PIFAN 2011: RABIES Review

James Marsh, Asian Editor

The first thing to clarify regarding RABIES, the debut feature film from Israeli writer-directors Aharon Keshales and Navot Papushado, is that this is not a viral outbreak film, nor in any way related to that particularly nasty contagion forever associated with vagrant dogs foaming at the mouth. At least, not in any literal sense. Rather, the film's title is a metaphorical allusion to the capacity within human beings for evil and violence that lies dormant in most of us for the vast majority of our lives, but which can rise up, almost without provocation and cause us to commit startling and horrific acts. Harking from a nation seemingly in a perpetual state of conflict not known for its horror films or its comedies, RABIES is consistently violent and shocking, whilst simultaneously ripping the horror movie playbook to shreads. It laughs in the face of audience expectations and soon enough has viewers gleefully creasing up thanks to its devilish sense of humour and meticulously crafted script.

The film opens on a girl, Tali (Liat Har Lev) trapped in a box. Through a thin skylight her brother Ofer (Henry David), reassures her that he will return soon with help. We see that they are deep in a forest and learn that Tali has been caught in a trap while fleeing from a vicious killer (Yaron Motola). Ofer emerges from the forest, only to be knocked down by a car of youngsters on their way to a sports camp. Mikey (Ran Danker) is the handsome one, and Pini (Ofer Shechter) his obnoxious best friend, but both have eyes for the gorgeous Shir (Yael Grobglas). However, they may have to compete with their other female companion, Adi (Ania Bukstein), who also has a secret crush on the beautiful blonde. When they accidentally collide with Ofer the boys head into the forest, while the girls remain with the car and call the police, only to catch patrolmen Yuval (Danny Geva) and Danny (Lior Ashkenazi) on a particularly bad day. Elsewhere in the reserve, rangers Menashe (Menashe Noy) and Rona (Efrat Boimold) are going through a rocky stage of their relationship, only for their lives to also become entwined in the increasingly bizarre goings-on.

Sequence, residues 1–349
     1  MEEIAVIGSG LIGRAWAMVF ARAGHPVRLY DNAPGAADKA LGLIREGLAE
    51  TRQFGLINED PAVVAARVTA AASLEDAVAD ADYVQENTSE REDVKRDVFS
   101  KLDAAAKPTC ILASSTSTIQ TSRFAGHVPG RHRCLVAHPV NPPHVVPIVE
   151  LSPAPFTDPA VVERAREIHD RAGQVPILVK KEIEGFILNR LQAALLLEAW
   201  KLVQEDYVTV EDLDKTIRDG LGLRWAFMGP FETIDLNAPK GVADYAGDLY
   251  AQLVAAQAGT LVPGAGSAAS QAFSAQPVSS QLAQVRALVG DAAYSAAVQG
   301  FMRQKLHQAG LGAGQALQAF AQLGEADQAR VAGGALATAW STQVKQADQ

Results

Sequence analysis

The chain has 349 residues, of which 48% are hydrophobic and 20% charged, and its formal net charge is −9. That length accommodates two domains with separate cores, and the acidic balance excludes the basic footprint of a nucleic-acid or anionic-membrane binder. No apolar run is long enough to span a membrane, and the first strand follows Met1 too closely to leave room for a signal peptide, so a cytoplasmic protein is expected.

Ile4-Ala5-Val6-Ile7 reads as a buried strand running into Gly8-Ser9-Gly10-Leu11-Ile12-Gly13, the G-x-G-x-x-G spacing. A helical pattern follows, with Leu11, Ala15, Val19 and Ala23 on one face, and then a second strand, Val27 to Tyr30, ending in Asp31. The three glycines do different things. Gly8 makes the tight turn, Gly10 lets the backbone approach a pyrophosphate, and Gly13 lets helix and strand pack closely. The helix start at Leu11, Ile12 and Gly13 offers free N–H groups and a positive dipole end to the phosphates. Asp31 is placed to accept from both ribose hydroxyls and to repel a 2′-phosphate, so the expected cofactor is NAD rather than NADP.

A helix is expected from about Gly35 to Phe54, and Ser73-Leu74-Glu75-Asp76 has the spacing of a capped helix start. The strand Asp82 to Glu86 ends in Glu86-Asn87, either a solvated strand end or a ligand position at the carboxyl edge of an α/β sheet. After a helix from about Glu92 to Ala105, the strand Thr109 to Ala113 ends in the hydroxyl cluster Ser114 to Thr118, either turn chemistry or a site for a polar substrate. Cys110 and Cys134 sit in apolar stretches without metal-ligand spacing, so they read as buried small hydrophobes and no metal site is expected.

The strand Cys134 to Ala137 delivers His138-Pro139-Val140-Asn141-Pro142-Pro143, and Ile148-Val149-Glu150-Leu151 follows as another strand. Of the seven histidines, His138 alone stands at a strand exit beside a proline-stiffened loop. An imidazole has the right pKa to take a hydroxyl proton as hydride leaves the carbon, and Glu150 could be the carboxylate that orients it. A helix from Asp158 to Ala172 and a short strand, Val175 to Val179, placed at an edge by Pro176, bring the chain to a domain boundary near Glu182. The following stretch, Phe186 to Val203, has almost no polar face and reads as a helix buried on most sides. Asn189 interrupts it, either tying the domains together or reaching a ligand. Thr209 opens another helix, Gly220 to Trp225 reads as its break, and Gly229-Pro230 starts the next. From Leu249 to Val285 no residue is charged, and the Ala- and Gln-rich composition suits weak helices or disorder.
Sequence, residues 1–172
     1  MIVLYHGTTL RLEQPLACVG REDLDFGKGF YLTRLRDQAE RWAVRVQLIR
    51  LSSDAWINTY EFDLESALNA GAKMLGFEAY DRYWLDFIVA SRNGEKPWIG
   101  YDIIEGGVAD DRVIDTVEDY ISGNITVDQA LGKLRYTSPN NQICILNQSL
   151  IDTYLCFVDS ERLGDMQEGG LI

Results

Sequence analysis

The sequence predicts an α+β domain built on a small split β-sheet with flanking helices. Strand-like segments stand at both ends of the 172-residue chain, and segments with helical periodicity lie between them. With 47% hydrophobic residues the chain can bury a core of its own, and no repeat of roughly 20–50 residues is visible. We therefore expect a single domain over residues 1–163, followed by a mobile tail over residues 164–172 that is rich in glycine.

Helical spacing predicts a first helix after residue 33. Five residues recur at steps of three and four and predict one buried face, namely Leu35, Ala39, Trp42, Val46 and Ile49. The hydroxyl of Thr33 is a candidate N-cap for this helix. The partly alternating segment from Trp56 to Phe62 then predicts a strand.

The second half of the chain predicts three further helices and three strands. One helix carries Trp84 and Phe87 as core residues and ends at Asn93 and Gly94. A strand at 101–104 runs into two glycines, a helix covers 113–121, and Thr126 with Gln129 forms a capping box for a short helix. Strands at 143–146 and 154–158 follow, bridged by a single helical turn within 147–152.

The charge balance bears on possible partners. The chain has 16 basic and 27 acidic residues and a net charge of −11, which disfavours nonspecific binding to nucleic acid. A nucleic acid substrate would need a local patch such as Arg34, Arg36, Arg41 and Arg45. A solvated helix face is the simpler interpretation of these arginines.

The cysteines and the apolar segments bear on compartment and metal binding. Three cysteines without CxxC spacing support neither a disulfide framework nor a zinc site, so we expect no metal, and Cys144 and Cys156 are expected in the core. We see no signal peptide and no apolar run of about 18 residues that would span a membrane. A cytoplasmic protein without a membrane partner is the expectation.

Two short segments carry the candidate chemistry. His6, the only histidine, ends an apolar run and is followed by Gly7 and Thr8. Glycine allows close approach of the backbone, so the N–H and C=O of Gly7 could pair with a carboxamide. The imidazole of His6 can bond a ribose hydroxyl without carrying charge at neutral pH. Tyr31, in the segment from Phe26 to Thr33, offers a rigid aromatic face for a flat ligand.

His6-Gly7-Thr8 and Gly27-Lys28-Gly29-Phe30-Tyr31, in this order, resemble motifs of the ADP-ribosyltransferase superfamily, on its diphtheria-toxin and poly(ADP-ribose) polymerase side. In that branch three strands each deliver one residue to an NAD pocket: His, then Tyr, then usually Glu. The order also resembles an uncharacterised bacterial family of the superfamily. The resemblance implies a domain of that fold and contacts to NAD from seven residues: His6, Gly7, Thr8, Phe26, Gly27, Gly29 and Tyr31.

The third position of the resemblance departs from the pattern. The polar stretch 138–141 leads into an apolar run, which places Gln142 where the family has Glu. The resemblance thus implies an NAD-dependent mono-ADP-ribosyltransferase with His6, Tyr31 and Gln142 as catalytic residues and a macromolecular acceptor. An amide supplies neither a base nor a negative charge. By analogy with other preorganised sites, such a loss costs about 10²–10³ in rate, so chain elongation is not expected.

Keshales and Papushado's script sets up an assortment of horror movie stereotypes - the irritating, sexually charged teenagers, the unlikable, power-happy cops, the sinister, boiler suit-sporting killer, there's even a dog! - and then spends valuable time developing their relationships and myriad first world problems. Whether it be an unplanned pregnancy, unrequited love, a volatile relationship with an overbearing parent or jealousy between friends, all these characters have more than enough drama in their lives before they cross paths with a homicidal maniac. The writers throw an assortment of weapons into the mix for good measure - guns, knives, cars, bear traps and minefields - and push their characters way out of their comfort zone, while scratching away at their pre-existing problems and conflicts. While the film is tense, violent and darkly humourous, it is the twists and turns of the narrative that keep the audience on the edge of their seats. It is made clear very early on that nobody is off-limits and no one's safety is guaranteed. The threat of violence and death lurks around every tree and when it comes, it's not from behind, but from right in front of you.

One particular shot remains with me days after watching the film. There is a moment when the killer has been rendered unconscious and lies flat on the forest floor. Shot inverted, from above his head, we see the killer awake and look down at the world around him in some confusion. This single shot encapsulates so much about what RABIES is about. We see the killer's skewed perspective on the world in which we inhabit, his almost Godlike position as he surveys what he has set in motion, and yet simultaneously the helplessness of finding himself rendered prostrate and disabled, his best-laid plans upturned by the chaotic nature of the world with which he struggles to connect. RABIES tells us that life is unpredictable and that violence and danger can come from anywhere, even those closest to us. Each person's perspective is unique and different, but if not understood and respected, can appear threatening or even prove hostile.

RABIES has quickly become one of my favourite films of 2011, a survival thriller unlike any I have seen. A horror film that plays out both as a brutal indictment of the latent rage within humanity and an extreme absurdist farce that sees a single potentially life-threatening situation quickly escalate into a rampaging bloodbath devoid of justifiable motive or reason. It's combination of brutality, humour and domestic drama singles RABIES out as an unmissable piece of work from two of the most exciting new talents, not just in Israeli Cinema, but in World Cinema.  

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